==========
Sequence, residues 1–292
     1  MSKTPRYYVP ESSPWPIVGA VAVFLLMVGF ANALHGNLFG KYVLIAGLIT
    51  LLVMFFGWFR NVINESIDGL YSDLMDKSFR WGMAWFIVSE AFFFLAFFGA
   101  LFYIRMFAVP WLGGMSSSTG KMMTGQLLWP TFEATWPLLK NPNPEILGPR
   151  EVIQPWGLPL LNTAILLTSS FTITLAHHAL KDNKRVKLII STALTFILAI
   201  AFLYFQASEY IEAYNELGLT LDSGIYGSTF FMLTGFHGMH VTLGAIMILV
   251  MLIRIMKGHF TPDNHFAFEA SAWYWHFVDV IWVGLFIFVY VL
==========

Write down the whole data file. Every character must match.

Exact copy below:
Sequence, residues 1–292
     1  MSKTPRYYVP ESSPWPIVGA VAVFLLMVGF ANALHGNLFG KYVLIAGLIT
    51  LLVMFFGWFR NVINESIDGL YSDLMDKSFR WGMAWFIVSE AFFFLAFFGA
   101  LFYIRMFAVP WLGGMSSSTG KMMTGQLLWP TFEATWPLLK NPNPEILGPR
   151  EVIQPWGLPL LNTAILLTSS FTITLAHHAL KDNKRVKLII STALTFILAI
   201  AFLYFQASEY IEAYNELGLT LDSGIYGSTF FMLTGFHGMH VTLGAIMILV
   251  MLIRIMKGHF TPDNHFAFEA SAWYWHFVDV IWVGLFIFVY VL